Not surprisingly, the method was not equally successful across all measures, nor equally successful among those it was able to estimate closely. It worked best (closest fit and smallest individual error) for effective size. The authors were very surprised at the ability of the method to recover Burt’s constraint measure, with a very high Pearson’s r score, and low mean standard deviation. We expected the technique to fare worse on this measure. Despite past results showing that betweenness centrality to be among the least resiliant measure in the face of missing data, these scores were actually quite good as well, indicating that the mean values of these distributions (of estimates) were, in general, quite close to the actual values. These results were consistent over the course of 25 trials.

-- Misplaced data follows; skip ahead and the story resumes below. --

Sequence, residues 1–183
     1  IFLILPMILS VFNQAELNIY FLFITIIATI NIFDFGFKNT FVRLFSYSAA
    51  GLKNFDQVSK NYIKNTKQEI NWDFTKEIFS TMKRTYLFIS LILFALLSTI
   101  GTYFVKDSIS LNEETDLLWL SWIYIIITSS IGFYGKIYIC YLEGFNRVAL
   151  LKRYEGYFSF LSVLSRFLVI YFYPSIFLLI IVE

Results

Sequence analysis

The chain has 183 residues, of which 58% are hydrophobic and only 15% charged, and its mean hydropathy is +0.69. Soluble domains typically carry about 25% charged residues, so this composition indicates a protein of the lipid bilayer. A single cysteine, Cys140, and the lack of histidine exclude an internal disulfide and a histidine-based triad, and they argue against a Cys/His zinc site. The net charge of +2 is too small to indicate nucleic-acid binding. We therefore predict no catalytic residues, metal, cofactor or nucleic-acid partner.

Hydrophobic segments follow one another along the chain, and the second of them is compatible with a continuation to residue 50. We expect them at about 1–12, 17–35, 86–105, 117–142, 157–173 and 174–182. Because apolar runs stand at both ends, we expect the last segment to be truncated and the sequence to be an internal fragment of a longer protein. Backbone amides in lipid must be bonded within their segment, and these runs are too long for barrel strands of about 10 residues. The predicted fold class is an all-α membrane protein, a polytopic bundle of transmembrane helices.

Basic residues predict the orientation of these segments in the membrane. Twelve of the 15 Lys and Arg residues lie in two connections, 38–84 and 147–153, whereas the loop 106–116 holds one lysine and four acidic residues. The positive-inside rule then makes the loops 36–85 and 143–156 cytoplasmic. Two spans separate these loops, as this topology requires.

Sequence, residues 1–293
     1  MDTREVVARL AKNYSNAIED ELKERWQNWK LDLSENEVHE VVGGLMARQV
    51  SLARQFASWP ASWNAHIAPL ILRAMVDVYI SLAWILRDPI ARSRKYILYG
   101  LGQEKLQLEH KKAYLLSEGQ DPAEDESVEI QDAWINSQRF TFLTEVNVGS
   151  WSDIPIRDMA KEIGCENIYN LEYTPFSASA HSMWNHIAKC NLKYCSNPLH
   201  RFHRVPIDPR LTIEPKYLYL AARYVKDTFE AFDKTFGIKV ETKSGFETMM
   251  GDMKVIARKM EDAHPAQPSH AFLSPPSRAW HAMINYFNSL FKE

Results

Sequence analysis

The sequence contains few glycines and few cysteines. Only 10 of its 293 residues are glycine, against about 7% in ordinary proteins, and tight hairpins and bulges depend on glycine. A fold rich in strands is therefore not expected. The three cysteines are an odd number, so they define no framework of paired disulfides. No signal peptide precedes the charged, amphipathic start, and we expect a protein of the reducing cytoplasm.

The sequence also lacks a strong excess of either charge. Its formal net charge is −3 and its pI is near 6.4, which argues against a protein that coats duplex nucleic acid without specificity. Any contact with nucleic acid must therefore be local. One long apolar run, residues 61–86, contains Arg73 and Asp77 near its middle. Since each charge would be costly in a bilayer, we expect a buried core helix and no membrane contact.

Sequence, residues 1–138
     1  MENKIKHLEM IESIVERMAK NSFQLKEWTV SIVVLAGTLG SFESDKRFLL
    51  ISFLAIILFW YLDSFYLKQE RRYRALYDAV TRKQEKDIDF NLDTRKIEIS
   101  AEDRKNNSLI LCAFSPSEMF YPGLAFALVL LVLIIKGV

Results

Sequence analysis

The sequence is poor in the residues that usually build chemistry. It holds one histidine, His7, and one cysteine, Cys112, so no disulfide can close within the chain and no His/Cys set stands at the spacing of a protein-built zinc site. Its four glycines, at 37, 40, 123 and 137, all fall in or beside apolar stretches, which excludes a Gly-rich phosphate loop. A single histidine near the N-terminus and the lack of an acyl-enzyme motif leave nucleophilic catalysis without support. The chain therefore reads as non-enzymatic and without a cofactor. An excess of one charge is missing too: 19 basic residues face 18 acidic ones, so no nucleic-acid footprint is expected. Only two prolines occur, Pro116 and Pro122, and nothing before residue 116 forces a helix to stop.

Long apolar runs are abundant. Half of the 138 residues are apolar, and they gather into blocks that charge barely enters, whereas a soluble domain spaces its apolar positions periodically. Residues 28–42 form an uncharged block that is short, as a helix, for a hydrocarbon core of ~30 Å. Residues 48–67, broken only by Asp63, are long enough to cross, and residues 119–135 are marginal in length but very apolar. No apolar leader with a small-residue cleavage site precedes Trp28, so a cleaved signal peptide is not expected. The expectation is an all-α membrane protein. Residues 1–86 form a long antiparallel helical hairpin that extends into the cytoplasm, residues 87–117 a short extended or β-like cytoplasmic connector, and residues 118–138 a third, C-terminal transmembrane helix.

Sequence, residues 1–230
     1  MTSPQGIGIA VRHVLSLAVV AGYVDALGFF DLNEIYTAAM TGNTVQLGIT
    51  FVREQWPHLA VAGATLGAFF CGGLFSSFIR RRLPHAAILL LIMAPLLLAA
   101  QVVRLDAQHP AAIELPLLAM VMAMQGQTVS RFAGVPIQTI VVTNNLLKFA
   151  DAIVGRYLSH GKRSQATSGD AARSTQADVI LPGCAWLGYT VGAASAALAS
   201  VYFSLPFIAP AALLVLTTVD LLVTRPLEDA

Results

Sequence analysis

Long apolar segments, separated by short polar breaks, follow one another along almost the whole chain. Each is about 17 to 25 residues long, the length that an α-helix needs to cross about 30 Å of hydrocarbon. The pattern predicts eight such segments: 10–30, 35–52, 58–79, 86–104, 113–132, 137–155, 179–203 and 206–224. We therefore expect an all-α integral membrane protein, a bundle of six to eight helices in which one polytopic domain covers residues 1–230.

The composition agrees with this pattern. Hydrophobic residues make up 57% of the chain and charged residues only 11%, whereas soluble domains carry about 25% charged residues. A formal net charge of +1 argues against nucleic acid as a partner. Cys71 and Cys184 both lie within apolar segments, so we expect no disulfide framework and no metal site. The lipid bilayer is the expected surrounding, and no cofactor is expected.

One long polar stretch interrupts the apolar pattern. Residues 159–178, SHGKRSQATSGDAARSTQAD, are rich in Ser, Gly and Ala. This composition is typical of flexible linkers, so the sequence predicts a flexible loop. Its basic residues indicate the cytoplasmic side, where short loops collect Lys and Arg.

There remains much work to be done, as discussed below. But if the results shown here for the Barabasi- Albert distribution are consistent across other topologies and sampling scenarios, then the ECSTC method may prove a valuable extension of the Respondent-Driven Sampling method, allowing researchers to recover at least some broad topological data from the sampling trees produced by RDS. This would address two problems that social network researchers commonly face: the cost of large surveys where all participants must be asked about all others, and the problem of anonymity and informed consent. RDS trees are samples that do not attempt to ask respondents about others in the sample, other than the sorts of degree and ego-network questions necessary for tracking their own sampling. Likewise, the coupon referral method normally used in RDS allows for anonymous tracking of links, not necessitating the use of names or rosters.